Book Title: The Rickshaw Coolie Murder
Author: Atul Lal
A power-drunk British officer kicked a hapless rickshaw puller to death in Simla (now Shimla), the summer capital of British India, on a September night in 1925. The murder of a native, particularly one belonging to the lowest rung of the social and the economic ladder, by a British official would not have been a big deal then, as is evident from the indifference and callousness of the offender.
“Good riddance,” thought Harry Mansel-Pleydell, head of the Army Canteen Board, when he learnt that the rickshaw-puller (Jagesar) had succumbed to the injuries he had inflicted on him for merely dozing off on the stairs of his porch. Remorseless, he betrays no fear of the law either, convinced that none would be bothered enough by the death of a coolie to take note and cause him any trouble. His confidence is not without valid grounds — The Tribune, the author tells us, had mentioned in one of the articles published on the murder that only three Britishers had been convicted for similar crimes in 100-odd years leading up to that fateful September night.
To Harry’s utter disbelief, not only was he charged for murder but was also convicted and jailed, thanks to the steely resolve of fellow rickshaw-pullers and Lala Mohan Lal, the feisty legislator-cum-businessman, to get justice for the deceased. Lal’s firmness, influence and the ability to pull strings, as and when required, along with rickshaw-pullers standing up to all sorts of pressure, ensured the murderer went to jail, giving the natives a rare and surprising legal victory against a British offender.
Almost a century later, Lala Mohan Lal’s grandson has penned down the murder and the subsequent events in ‘The Rickshaw Coolie Murder Case’. While the events, locations and several characters are real, he has imagined up some characters and conversations to come up with a “fictional adaptation” of the incident. Having used hard facts and real characters for the story’s framework, the imagined behind-the-scenes conversations, conspiracies by the British administration to save one of their own, and the resolve of the natives to take the case to its logical conclusion sound convincing. The author spent long hours in The Tribune library looking for relevant information about the case.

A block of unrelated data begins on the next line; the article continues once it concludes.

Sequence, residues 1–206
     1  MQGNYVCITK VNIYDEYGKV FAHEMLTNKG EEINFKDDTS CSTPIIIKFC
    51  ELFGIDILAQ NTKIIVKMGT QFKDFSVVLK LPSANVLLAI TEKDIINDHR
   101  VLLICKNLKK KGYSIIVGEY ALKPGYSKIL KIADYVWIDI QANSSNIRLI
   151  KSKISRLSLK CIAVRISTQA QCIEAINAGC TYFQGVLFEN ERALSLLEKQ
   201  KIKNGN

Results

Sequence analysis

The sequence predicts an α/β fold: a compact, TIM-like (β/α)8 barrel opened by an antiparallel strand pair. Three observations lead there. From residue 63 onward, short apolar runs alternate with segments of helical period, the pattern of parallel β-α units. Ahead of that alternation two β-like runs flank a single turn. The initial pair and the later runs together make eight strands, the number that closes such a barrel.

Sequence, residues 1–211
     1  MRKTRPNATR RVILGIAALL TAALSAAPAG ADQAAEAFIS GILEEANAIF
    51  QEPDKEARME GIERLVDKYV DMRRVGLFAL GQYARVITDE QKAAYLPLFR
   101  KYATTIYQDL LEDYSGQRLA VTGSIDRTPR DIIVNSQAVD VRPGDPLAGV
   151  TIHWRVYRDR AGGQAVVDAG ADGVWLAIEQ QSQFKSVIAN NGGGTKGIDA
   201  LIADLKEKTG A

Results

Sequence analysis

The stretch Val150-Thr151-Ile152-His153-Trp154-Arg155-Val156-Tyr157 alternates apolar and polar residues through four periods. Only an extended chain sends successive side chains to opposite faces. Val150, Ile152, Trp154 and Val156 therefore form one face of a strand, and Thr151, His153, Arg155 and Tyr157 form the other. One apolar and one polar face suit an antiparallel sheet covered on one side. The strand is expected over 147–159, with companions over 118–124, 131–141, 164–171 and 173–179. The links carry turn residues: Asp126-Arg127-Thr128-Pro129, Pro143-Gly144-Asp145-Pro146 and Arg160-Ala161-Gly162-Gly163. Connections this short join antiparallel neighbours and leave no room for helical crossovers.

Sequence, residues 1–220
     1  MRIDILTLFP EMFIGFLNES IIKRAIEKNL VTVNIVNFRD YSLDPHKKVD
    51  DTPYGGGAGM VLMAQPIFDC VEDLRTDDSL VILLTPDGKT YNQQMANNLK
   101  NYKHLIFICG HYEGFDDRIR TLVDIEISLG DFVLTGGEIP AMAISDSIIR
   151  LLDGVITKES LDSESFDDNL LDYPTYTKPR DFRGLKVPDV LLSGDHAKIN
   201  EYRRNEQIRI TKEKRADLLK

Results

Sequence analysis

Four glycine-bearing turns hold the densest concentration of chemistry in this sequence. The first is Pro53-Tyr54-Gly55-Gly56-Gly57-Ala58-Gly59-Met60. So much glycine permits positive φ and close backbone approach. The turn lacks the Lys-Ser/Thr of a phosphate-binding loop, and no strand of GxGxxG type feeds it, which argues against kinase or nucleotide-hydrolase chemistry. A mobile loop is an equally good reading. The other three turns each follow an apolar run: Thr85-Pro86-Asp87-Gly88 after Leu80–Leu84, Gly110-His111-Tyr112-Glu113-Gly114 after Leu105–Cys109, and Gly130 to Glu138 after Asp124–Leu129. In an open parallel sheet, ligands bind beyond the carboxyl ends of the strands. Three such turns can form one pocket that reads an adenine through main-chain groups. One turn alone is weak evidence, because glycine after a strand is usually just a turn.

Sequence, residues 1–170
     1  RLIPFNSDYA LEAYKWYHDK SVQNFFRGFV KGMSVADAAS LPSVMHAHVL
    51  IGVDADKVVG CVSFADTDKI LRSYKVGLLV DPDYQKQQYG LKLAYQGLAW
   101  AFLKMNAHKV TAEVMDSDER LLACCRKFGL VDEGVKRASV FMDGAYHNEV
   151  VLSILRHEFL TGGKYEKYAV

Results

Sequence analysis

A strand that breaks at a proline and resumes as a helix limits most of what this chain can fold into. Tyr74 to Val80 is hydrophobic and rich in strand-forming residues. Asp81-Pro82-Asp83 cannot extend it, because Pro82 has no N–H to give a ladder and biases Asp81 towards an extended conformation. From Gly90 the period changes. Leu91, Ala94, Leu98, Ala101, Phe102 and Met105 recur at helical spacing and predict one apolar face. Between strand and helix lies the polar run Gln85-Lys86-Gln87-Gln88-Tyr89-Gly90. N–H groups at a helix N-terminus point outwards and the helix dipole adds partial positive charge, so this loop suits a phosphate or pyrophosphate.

The thrilling courtroom drama that unfolds once a case is registered against Harry keeps the reader on tenterhooks. The fate of the accused swings like a pendulum as the witnesses are grilled and evidence examined, both by the prosecution and the defence. And even as the British painstakingly keep up the pretense of law being fair and impartial, they do everything — from putting pressure on the police to go easy on the case, watering down medical evidence, giving veiled threats to Lala Mohan Lal, and seeking favour from the judge — to save Harry from going to jail.
Nevertheless, the author refrains from tarring all British characters with the same brush. Most of them are shown to be in Harry’s corner not because they condone his brutality but because of the compulsion to save one of their own. Not everyone, though, is comfortable with the burden on their conscience, notably Superintendent of Police Hugh Whistler, who refuses to compromise the investigation and eventually resigns. Judge Robert Walker Edmund Knollys ignores directions for cooperation from the top administrator and the unanimous ‘not guilty’ verdict of the assessors (instead of a jury, an accused European could opt for assessors; they were experts, essentially Europeans, assisting a judge in understanding the facts and evidence in a case) and finally pronounces Harry guilty of the murder and sends him to jail.
It was an astounding victory for Lal and the rickshaw pullers, considering the odds they were up against.